A captain checks tickets on a train running on the Chinese-built Addis Ababa-Djibouti Railway, the first modern electric railway in Africa, which was put into operation in January.[Photo/Xinhua]
China will continue to deepen mutually beneficial economic and trade cooperation with Africa, and help the continent foster new drivers of organic growth, the Ministry of Commerce said on Aug 28.
Vice-Minister of Commerce Qian Keming said at a news conference, that China will announce a set of new measures to further deepen economic and trade ties with Africa at the upcoming Beijing Summit of Forum on China-Africa Cooperation on Sept 3 and 4.
The measures will pay more attention to enhancing Africa’s endogenous growth, driving local economic growth and creating more job opportunities, Qian said.
In 2015, China rolled out 10 major plans to boost cooperation with Africa, aiming to inject a strong impetus into the development of bilateral ties and achieve win-win cooperation.
The big package ranges from industrialization, agricultural modernization and infrastructure, to financial services, green development, trade and investment facilitation.
“Up till now, the 10 plans have been fully implemented, and some have even achieved results beyond expectations,” Qian said. The two sides have enhanced industrial connections and made breakthroughs in manufacturing, agriculture, finance, tourism and aviation cooperation, he added.
China has been the largest trading partner for Africa for nine consecutive years. In the first six months of this year, trade volume between China and Africa exceeded $98.8 billion, up 16 percent year-year-on, according to the commerce ministry.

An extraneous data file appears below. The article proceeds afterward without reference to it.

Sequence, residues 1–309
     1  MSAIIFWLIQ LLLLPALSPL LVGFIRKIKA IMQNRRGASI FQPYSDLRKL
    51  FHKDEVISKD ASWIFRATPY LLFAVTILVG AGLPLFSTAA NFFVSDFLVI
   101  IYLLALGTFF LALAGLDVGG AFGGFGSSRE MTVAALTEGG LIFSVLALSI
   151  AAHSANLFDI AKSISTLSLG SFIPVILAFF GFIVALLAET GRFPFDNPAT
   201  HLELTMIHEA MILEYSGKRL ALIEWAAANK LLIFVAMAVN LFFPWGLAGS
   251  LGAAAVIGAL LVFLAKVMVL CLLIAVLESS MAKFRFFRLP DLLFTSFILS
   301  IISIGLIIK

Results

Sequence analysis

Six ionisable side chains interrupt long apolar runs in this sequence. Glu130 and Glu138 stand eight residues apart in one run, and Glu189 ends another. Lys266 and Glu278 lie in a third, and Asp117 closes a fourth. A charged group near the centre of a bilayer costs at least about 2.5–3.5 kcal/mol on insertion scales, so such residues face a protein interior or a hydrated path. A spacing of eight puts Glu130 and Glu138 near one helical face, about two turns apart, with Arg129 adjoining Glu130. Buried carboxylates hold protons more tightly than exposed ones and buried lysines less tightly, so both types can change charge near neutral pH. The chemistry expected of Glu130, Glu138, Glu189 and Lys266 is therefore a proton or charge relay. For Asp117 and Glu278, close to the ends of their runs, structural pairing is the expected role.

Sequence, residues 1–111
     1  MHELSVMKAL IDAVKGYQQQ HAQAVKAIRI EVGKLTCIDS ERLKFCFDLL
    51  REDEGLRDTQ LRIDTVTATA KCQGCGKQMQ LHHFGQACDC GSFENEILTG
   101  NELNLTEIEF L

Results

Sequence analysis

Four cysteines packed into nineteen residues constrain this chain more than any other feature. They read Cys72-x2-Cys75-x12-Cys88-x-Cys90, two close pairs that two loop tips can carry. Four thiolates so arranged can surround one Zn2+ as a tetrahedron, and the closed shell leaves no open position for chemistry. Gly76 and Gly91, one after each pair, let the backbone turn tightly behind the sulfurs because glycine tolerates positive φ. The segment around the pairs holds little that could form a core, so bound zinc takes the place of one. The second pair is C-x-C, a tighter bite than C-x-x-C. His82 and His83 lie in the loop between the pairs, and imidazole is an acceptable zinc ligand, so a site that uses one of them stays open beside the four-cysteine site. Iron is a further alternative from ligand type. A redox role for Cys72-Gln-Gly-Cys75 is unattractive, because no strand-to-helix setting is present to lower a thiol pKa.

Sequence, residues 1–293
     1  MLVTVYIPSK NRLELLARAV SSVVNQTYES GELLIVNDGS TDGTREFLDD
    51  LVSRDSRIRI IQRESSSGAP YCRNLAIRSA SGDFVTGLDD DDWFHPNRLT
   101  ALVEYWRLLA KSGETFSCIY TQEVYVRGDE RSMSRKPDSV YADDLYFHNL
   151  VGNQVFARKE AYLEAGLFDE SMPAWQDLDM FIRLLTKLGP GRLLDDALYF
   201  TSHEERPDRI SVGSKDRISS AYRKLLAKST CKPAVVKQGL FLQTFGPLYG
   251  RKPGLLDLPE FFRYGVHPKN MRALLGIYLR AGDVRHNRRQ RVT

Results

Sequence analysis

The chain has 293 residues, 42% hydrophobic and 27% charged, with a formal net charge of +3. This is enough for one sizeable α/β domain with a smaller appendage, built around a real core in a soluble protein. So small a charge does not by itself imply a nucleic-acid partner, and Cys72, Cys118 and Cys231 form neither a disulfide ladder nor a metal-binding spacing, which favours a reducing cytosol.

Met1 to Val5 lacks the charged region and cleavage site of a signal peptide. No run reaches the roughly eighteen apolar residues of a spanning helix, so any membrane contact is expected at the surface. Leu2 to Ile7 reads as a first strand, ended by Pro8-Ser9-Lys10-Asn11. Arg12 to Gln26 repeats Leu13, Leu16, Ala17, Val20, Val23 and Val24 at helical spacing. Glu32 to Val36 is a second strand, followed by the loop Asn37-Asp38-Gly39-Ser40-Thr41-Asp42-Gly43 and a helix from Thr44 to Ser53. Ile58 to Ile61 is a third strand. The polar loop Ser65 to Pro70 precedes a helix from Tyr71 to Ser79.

Data also showed that the annual average of China’s direct investment in Africa remained at about $3 billion in the past three years, despite fluctuations in international investment in the continent.
Wei Jianguo, a former vice-minister of commerce, said: “In the next five to 10 years, China’s processing trade with Africa will not remain in traditional fields like textiles, but shift to high-tech sectors.”
“An increasing number of private enterprises are expected to invest in Africa, especially in the cultural field,” said Wei, who is now vice-president of the China Center for International Economic Exchanges.
Dai Bing, director-general of the Chinese Foreign Ministry’s Department of African Affairs, said at a recent conference that the summit will seek to take the time-honored friendship between China and Africa to a higher level. It will strengthen the strategic consensus between the two sides to maintain their friendship, and chart the course for developing future relations.